For starters, we need to educate our youth differently and provide them with information about nutrition and food options to inform their behavior. For example, while we know and appreciate the value of statins for controlling cholesterol levels it is also important to stress in our communications the link between foods that are high in cholesterol and their related health impact. These messages are just as important as those delivered to support for medical products.
In an earlier blog this week, I talked about the need for the healthcare industry to restore trust. One way to do this would be to aggressively promote nutrition as a central tenant of health and wellness. Don’t get me wrong, there are admirable efforts underway that stress the importance of a healthy diet for managing chronic disease. However, imagine how impactful it would be for the entire industry to come together, much like we saw in the early days of healthcare reform, in support of a national campaign on nutrition. I am sure, over time we would see a decrease in chronic diseases, decrease in weight and a decrease in heart disease.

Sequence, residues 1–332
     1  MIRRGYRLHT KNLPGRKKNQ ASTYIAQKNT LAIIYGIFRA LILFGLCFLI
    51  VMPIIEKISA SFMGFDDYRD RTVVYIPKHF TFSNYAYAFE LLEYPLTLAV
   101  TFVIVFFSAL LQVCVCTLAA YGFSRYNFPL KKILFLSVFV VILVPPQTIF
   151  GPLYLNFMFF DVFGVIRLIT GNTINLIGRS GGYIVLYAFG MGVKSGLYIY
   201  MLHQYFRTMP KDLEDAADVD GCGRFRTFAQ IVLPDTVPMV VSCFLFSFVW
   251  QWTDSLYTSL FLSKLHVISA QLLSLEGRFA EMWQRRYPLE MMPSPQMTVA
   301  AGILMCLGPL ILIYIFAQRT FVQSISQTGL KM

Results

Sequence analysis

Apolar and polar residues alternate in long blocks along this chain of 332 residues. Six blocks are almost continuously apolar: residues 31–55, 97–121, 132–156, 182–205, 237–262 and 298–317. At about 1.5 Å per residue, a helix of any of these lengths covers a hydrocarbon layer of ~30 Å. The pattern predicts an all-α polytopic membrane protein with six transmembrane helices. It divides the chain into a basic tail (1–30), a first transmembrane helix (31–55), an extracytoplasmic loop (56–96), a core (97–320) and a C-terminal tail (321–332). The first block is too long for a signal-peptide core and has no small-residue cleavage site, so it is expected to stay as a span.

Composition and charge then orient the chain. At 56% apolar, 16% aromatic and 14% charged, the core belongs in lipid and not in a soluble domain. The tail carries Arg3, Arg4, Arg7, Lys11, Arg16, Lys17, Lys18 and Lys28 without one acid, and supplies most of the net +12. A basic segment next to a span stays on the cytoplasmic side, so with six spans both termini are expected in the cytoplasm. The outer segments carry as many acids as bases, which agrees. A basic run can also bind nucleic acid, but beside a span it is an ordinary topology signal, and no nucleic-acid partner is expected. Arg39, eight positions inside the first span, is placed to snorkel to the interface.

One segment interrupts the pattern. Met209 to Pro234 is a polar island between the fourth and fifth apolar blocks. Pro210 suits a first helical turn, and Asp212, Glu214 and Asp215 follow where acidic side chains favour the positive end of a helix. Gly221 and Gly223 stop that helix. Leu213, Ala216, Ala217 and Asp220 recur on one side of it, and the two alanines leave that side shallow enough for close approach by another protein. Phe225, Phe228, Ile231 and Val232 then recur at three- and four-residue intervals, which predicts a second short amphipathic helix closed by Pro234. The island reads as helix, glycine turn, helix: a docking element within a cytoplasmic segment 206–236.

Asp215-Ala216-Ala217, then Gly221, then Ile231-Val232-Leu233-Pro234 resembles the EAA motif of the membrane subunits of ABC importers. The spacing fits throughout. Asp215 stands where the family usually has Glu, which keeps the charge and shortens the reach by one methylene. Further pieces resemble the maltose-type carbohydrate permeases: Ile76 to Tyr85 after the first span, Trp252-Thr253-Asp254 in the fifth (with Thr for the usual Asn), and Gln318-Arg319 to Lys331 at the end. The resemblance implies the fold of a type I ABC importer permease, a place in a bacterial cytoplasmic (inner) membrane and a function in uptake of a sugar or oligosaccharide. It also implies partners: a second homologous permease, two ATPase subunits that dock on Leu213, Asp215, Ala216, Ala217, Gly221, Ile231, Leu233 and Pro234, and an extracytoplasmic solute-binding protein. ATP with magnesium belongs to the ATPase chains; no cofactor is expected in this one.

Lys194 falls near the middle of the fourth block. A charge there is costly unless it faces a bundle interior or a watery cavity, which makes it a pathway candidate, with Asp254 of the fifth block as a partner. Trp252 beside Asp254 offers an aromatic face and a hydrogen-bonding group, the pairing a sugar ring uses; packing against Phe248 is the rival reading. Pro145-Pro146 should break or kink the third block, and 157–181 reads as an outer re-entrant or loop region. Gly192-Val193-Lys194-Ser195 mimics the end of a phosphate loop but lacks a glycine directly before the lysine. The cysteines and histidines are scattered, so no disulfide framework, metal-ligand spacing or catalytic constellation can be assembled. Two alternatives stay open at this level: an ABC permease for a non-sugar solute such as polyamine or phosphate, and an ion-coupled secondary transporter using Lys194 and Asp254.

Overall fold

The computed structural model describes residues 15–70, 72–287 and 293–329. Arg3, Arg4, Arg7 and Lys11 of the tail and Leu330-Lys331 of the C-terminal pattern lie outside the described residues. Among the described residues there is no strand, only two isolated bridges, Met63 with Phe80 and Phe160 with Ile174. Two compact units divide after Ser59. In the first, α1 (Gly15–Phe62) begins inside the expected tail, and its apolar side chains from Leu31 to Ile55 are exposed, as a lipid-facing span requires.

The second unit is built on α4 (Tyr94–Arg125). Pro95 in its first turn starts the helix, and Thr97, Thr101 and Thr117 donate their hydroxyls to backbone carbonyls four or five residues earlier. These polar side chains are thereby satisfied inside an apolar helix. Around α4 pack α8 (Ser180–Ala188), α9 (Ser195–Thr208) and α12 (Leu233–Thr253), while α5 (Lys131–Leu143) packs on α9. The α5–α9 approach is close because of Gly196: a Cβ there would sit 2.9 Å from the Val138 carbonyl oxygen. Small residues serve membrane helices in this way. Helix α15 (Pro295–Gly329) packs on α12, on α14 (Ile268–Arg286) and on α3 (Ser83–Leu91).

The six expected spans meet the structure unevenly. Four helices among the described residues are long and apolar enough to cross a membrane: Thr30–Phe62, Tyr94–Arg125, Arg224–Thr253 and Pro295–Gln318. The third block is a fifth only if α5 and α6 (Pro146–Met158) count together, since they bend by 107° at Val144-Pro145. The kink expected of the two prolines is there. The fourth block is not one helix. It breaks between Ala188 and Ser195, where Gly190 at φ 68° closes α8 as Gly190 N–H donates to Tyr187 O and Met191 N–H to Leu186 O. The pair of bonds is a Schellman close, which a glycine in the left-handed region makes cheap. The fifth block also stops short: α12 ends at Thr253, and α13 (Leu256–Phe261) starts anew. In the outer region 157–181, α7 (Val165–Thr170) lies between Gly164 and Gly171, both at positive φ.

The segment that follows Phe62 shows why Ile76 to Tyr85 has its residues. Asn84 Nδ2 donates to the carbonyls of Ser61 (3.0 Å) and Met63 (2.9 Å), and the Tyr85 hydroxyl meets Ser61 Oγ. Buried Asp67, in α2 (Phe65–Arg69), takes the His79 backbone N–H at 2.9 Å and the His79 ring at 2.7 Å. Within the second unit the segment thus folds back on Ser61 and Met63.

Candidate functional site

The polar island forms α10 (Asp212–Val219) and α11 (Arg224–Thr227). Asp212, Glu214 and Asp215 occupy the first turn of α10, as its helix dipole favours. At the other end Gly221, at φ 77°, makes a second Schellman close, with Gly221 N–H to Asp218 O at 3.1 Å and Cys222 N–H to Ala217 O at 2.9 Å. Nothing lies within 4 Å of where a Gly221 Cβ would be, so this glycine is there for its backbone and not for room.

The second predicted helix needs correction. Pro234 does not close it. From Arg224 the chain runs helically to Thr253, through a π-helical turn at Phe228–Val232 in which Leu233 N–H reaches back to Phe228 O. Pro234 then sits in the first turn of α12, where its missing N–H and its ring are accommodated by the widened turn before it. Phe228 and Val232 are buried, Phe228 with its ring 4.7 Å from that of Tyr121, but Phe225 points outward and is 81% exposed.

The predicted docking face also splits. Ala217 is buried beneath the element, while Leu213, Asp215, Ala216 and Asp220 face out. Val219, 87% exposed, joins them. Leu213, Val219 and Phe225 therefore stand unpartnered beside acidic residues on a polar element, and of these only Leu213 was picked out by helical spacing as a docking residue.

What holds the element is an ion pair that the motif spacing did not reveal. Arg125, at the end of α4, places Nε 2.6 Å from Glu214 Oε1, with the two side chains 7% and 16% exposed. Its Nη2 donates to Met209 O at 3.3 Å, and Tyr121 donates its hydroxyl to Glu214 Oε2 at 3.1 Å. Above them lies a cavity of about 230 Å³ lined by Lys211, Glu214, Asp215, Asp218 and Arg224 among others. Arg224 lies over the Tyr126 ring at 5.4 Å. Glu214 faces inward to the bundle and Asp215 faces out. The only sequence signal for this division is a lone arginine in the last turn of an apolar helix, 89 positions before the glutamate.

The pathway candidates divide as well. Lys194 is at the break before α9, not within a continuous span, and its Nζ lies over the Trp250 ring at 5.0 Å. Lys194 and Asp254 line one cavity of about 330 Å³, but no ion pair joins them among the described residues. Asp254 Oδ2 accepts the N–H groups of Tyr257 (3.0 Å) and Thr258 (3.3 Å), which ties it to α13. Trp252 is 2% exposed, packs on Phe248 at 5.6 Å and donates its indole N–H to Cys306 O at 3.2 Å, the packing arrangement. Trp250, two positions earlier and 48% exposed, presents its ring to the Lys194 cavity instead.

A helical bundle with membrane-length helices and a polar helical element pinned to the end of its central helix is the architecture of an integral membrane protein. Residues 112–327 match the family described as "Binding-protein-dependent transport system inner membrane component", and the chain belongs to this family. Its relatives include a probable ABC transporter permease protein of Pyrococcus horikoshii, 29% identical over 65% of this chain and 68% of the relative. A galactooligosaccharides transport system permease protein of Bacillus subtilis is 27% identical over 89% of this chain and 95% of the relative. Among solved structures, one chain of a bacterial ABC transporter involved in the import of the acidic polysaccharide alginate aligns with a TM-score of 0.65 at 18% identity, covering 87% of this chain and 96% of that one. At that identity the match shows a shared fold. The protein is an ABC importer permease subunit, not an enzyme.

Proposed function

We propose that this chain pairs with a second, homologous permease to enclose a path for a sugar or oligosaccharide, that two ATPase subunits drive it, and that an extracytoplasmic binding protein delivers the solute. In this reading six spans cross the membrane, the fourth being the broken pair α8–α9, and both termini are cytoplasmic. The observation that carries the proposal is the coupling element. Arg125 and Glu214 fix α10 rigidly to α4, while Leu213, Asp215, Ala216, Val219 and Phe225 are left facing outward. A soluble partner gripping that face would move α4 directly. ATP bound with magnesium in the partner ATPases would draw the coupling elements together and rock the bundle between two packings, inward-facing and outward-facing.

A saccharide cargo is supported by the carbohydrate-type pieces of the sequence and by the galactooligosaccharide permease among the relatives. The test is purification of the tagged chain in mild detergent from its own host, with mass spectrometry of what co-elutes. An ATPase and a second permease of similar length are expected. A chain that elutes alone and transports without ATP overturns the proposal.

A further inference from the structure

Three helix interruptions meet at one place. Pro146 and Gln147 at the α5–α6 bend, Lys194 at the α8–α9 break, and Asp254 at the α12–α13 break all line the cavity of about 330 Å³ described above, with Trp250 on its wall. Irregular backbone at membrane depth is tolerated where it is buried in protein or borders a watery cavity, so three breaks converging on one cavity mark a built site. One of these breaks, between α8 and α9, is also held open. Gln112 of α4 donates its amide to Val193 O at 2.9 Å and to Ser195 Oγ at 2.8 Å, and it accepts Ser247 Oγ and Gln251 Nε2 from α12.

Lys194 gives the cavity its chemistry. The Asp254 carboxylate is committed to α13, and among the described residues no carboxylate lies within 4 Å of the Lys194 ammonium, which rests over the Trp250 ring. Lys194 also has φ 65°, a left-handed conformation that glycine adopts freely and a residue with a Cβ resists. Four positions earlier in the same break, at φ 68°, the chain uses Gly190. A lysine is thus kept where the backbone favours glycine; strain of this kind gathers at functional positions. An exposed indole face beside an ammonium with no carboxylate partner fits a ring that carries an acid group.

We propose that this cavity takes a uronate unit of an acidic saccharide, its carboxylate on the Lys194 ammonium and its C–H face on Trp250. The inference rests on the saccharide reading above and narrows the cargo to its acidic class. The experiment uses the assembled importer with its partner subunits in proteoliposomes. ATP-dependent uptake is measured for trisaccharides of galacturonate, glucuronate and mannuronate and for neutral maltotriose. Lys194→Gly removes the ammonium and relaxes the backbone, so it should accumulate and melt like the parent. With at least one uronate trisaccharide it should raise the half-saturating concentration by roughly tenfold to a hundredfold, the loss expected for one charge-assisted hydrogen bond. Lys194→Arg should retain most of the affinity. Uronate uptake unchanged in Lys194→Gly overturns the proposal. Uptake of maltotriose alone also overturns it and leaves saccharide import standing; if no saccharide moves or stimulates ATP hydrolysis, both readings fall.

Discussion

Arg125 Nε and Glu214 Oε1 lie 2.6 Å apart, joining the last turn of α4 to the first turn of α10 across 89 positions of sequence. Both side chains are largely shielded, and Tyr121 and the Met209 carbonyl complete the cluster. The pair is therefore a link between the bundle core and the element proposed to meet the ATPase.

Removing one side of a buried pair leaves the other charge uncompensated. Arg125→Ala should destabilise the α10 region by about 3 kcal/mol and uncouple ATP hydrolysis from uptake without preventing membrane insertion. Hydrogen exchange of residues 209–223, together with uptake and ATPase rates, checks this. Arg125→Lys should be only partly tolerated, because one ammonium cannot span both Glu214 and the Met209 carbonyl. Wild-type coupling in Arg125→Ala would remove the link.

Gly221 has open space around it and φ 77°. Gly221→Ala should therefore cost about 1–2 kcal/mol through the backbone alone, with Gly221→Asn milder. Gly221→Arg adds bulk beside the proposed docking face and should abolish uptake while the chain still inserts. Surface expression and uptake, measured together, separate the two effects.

The goal is not to reduce the usage of medications, there will always be a role for medications, but rather to increase awareness so that individuals can complement a treatment regiment with their own modified behavior and thereby achieve better health outcomes.
Chris Foster, chairman, US healthcare, Burson-Marsteller